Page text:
A friend of mine has been tracing his family tree. In fact it is his sister who has done most the work; between them they have come up with some interesting facts which I intend to share with you.
The family was established in the area around Manchester in the latter years of the nineteenth century; they had moved there in the middle of the century. Before that the senior branch of the family had come from Nottinghamshire; with their Norse name they had been part of the landscape since Viking raiders settled there over a thousand years before. In the 1800s they were still farm labourers, but by Victorian times the railway was drawing people from all across the country to service the burgeoning Manchester cotton trade. It was not just this country that supplied this growth in population; one of my friend’s great-great grandfathers was a Jew whose ancestors had lived in the Netherlands for generations, but who had originally lived in Spain. This ancestor had moved with the rest of his family from Amsterdam in his early youth. His name was Abraham and he was an engraver by trade. His father Aaron was working as a draper in Salford as young Abraham was growing up. The son must have abandoned the faith of his ancestors, for in 1851 aged 23 he married a girl called Margaret in Manchester Cathedral. She had moved to Lancashire from Ayrshire in Scotland.
On the side of the family that had moved from Nottinghamshire my friend’s great-grandfather was working as a shoemaker in Manchester. By now we have reached the beginning of the 20th century; the family was slowly starting to climb the social ladder. His son was in training as a pupil-teacher in 1900, and went on to be a school master at a Manchester school. The living quarters where he brought up his children were modest; a two-up two-down terraced house with basic amenities. From those humble beginnings my friend’s father was able to secure a place at University to read Metallurgy.
As a graduate of Manchester University he gained employment in the major engineering group GKN, where he spent the years of the Second World War on vital developments for the war effort. His career went from strength to strength, and he ended his career on the Board of Directors of the company. By the time his son (i.e. my friend) was approaching his teenage years he was living in a large house in about an acre of grounds in the most elegant village in Cheshire, Prestbury.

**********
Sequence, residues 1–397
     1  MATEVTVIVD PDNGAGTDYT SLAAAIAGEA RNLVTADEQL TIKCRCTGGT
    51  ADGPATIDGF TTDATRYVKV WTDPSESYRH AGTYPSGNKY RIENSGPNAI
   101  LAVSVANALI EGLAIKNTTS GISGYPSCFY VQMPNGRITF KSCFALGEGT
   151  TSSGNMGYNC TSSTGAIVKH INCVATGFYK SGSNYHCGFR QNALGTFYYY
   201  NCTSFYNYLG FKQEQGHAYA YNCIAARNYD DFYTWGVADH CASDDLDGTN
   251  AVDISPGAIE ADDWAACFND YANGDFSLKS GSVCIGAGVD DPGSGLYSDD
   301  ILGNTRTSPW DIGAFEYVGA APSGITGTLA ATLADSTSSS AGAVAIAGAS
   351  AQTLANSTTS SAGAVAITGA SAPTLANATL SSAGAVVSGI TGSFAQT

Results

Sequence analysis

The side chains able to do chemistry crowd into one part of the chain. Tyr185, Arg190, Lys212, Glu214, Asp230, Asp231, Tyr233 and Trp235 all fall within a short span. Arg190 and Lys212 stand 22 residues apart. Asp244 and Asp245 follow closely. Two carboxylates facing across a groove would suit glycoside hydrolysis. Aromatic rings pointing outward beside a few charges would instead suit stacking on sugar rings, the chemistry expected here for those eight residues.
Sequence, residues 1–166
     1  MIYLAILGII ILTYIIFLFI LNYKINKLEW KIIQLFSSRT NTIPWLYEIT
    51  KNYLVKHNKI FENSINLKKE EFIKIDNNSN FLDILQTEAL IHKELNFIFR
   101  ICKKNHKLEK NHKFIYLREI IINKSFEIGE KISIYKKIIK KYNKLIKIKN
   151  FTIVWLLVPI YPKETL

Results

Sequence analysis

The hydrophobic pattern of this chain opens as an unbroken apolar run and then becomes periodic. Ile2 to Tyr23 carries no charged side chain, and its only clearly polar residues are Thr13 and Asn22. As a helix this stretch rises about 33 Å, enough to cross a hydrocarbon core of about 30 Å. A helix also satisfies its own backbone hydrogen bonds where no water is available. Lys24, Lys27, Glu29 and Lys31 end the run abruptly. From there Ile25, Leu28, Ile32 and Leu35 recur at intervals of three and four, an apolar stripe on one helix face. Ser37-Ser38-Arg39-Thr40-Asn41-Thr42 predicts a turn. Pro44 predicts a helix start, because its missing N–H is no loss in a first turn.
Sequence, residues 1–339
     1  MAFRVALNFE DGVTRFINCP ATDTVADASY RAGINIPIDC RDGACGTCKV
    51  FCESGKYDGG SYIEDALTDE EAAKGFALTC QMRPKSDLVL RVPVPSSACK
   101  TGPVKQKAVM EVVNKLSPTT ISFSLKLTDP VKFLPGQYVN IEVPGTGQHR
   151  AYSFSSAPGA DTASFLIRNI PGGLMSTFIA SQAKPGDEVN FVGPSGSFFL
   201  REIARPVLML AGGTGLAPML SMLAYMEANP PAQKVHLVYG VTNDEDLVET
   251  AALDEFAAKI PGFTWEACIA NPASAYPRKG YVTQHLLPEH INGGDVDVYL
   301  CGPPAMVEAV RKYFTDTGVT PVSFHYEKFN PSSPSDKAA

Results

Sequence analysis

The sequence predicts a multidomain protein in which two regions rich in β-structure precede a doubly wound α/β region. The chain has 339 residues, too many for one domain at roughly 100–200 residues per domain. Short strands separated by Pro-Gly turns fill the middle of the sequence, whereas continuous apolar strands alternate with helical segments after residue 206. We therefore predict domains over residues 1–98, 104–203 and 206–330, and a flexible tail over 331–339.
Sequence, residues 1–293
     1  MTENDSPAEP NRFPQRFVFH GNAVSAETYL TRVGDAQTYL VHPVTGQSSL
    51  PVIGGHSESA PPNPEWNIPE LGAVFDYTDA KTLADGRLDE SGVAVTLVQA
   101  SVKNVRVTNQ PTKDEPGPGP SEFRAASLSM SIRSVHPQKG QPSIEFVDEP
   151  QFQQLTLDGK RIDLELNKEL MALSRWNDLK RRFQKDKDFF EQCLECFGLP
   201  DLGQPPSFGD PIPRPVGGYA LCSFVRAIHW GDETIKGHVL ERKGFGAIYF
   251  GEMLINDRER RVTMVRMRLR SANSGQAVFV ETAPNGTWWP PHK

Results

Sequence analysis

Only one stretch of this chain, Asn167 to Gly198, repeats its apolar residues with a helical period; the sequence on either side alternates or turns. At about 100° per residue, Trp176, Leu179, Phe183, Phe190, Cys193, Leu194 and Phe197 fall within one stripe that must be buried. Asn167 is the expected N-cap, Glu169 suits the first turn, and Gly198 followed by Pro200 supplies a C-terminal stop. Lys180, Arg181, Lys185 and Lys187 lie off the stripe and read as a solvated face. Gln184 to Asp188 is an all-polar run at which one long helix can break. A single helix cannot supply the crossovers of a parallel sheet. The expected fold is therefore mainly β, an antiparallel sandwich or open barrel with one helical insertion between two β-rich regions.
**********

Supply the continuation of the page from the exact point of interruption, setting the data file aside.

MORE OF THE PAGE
We met at the boarding school in Norfolk where we had both been sent by our fathers to further our education. My friend did rather better than I did in that respect; with a degree from London University, when he was only 28 he was appointed CEO of a hospital in Yorkshire. For the past thirty years he has been living in the charming Cotswold village of Bourton-on-the-Water. He never married, but has nephews an nieces across the world, including in Chile. Still working, he spends his holidays going on cruises, now that he is rather too old to do more energetic things like hang gliding in the Andes.
I have by no means covered the most interesting part of the story; his great-uncle David was pursuing an ordinary career in Manchester at the beginning of the twentieth century. He was working as a journeyman carpenter, and raising a family of six children. All this was soon to change however; he abandoned his life in England, his wife and young children, and took off to travel the world as circus entertainer. He changed his name to a vaguely Spanish sounding one and in 1909 he was working in Hong Kong. He eventually fetched up in San Francisco, USA. In Kentucky he began yet another career as an insurance agent. He married a new bride, but without of first divorcing his English wife, who was languishing at home in Manchester. There is now an American family that has belatedly discovered their exotic past. My friend too has only recently discovered the existence the family of his great-uncle David, because his English relatives never talked about him. Whether they knew of his new identity or not, the whole episode would have been deemed too disgraceful to mention.
As I said, it an interesting family.